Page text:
The little M1 Carbine really is a timeless classic. Made in huge numbers for only a few years during WWII, original Carbines have steadily become scarcer and more expensive as the surplus reservoir accordingly declined.
The Carbine, though, has proven to be an easily manufactured weapon, being made by numerous subcontractors during WWII, some of whom had never made firearms before. As a result of this, manufacturers post-war have slowly crept into the arena of manufacture of M1 Carbine reproductions, and as demand has grown and prices of original carbines have risen, the ceiling for how good a reproduction the market will support has risen correspondingly.
The latest example of this is Inland Manufacturing; operating from the home of the original Inland division of GM, they were present on both the showroom floor and on Industry Day. TFB got a chance to look at – and shoot – their rifles, as well as a chance to compare them with those of Inland’s competitor, Kahr/Auto-Ordnance.
At Media Day, the Inland guns shot very well, functioning with the authority I would expect of a real M1 Carbine, and of course handling just as well. It was no torture test, for sure, but the company did let TFB spend quite a bit of quality time with the rifles, and we experienced only one malfunction during the shooting. Critics will be quick to judge, I’m sure – “only one malfunction! How can you say that, when we expect flawless performance?” So you should, my readers, so you should, but it is worth your time to consider that in all my days, I don’t recall having ever seen an M1 Carbine firing at the range without experiencing some sort of hiccup. It’s an excellent design (for 1941), crippled by the worst magazines ever fielded in US military service – and Inland recognizes that. I had a stimulating conversation with the manufacturer about which magazines they were sourcing, and what their plans were for improving the magazines versus the original pattern, but for the faithful M1 Carbine reproduction manufacturer, there is not a whole lot they can do to fix that issue.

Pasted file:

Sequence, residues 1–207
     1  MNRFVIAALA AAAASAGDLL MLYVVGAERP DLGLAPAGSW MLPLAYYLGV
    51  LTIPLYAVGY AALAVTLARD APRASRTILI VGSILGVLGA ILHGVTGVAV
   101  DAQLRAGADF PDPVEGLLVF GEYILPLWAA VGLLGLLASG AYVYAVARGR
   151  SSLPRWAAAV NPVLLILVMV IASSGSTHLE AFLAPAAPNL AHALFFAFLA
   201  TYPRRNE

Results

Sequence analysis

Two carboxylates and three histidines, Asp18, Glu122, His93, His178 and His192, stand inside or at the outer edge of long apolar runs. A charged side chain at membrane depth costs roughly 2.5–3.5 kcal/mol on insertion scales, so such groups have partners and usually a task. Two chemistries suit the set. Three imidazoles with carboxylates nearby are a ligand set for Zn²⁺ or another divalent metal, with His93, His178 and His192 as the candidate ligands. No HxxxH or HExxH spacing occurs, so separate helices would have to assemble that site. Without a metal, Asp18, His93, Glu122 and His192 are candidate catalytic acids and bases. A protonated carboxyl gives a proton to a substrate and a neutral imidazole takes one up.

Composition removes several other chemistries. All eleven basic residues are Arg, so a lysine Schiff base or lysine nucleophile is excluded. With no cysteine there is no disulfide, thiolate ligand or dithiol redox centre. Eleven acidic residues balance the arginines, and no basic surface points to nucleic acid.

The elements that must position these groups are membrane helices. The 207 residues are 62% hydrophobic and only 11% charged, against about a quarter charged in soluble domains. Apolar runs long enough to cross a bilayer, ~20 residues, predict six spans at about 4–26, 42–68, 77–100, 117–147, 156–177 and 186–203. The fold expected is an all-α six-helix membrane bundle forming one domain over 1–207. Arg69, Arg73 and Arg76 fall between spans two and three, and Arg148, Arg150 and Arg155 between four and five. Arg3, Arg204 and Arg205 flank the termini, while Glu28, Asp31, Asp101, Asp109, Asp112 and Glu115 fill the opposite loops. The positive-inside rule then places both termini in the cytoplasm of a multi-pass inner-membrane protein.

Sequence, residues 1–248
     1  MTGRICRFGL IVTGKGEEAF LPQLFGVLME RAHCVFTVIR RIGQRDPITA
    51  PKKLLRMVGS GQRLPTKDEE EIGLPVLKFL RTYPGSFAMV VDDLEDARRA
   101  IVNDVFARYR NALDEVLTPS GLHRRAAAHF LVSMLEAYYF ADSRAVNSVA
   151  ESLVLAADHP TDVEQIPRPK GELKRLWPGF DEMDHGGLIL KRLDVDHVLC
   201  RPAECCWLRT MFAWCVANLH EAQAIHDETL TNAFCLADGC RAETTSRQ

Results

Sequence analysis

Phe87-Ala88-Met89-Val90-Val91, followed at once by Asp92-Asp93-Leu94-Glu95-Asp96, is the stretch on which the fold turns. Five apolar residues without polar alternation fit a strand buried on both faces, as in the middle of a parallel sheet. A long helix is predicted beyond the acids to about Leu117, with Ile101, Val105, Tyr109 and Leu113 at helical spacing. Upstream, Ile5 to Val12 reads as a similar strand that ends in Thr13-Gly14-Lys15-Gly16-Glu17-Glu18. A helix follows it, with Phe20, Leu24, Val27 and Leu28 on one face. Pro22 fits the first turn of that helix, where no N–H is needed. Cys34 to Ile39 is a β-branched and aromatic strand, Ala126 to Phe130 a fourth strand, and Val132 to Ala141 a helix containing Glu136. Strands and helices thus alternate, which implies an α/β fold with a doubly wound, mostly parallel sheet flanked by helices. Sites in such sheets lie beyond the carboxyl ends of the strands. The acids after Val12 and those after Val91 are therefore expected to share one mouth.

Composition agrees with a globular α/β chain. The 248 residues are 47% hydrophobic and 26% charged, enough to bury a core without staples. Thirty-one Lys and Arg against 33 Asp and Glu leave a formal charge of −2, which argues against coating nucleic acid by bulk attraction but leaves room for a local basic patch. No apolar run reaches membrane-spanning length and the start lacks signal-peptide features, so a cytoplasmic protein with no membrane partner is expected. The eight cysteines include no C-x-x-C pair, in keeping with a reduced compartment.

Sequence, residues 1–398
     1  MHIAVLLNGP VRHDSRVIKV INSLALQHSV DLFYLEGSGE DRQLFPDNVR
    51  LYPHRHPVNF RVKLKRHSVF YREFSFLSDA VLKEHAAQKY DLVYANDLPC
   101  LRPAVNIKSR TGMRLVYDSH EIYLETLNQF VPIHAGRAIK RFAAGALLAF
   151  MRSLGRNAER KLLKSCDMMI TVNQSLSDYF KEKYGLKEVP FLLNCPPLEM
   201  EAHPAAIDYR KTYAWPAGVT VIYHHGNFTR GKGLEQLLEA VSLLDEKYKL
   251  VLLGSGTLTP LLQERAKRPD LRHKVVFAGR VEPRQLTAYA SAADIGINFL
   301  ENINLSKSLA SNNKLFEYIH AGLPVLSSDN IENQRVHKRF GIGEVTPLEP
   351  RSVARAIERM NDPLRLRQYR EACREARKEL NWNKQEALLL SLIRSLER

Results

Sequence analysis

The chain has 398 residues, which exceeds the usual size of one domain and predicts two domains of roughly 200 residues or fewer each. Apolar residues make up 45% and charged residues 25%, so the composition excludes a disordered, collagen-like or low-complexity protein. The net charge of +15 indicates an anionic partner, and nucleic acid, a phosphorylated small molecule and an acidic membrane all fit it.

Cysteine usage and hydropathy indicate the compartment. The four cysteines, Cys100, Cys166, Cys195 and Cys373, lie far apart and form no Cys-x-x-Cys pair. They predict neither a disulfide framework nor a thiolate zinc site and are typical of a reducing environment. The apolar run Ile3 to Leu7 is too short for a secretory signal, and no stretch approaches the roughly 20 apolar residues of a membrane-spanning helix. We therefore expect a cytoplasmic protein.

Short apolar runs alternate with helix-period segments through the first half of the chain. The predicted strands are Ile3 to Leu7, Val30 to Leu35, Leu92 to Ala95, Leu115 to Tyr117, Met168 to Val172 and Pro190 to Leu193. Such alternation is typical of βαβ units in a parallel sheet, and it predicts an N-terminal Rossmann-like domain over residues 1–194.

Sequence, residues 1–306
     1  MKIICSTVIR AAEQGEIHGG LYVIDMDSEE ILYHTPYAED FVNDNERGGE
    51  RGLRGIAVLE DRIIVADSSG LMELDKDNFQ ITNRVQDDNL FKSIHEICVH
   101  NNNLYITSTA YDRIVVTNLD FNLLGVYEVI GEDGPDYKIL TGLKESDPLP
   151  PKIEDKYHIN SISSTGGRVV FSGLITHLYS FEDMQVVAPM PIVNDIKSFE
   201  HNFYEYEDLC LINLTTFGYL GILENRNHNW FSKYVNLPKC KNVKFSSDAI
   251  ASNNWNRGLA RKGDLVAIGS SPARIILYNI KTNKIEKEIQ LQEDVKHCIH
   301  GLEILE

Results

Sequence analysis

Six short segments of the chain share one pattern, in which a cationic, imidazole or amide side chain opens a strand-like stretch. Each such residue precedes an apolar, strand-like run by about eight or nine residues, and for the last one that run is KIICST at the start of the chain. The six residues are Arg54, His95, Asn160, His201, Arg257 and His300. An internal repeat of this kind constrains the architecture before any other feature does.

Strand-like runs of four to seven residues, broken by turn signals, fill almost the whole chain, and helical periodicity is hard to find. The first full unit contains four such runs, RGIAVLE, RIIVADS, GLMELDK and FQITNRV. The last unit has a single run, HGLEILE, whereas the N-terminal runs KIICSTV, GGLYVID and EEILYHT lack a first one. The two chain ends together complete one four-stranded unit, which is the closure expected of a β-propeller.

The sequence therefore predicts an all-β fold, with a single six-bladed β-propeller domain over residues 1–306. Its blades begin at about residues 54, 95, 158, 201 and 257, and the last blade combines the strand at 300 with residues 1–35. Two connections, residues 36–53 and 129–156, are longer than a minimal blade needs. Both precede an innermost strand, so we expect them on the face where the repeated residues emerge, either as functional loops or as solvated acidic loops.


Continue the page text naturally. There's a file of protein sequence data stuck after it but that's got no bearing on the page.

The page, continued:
Sometime in the future, I will probably write a post exploring the strengths and weaknesses of the M1 Carbine’s design, but for now I will just note that I considered Inland’s rifle’s performance to be satisfactory – even impressive – for a rifle of the pattern, especially considering the ammunition they used (Aguila).
So, how does the Inland compare to the Kahr? Functionally, I cannot say – I don’t have trigger time with the Kahr. For the enthusiast, however, there’s another equally important quality, and that’s fidelity to the original. The Kahr M1 Carbines were not poor rifles by any means, but the Inland guns in my opinion made wholly more convincing reproductions of the originals. My readers should understand that there is quite a lot of variation among M1 Carbines, as they were made by nine primary contractors, but the Inland guns had what I felt was a much more “GI-style” wood finish (probably tung oil or linseed), and more convincing metal parts. The Kahr guns pass the “25 yard test” for being originals, but one can quickly see that the wood is a little too light and the wrong pattern, and the metal is finished just a little differently.
Inland’s guns, on the other hand, are some of the most convincing reproductions I’ve ever seen. Displayed on a wall, or stand, and oiled thoroughly, it could pass for an original, until the beholder got their paws on it. Inland Mfg’s M1s are cast, not milled on a horizontal machine like the originals, but the difference is difficult to see except for right up close.
It’s not for me to say which make is “better”, especially when one considers the price. An Inland gun runs a $1,049 MSRP, usually selling for $900-$950 on GunBroker, while the Kahr has an MSRP of $846, and sells for $750-800 online. Without knowing which rifle functions better (a basic check between the two on the showroom floor revealed few differences), I can only say that Inland’s is in my opinion the better reproduction.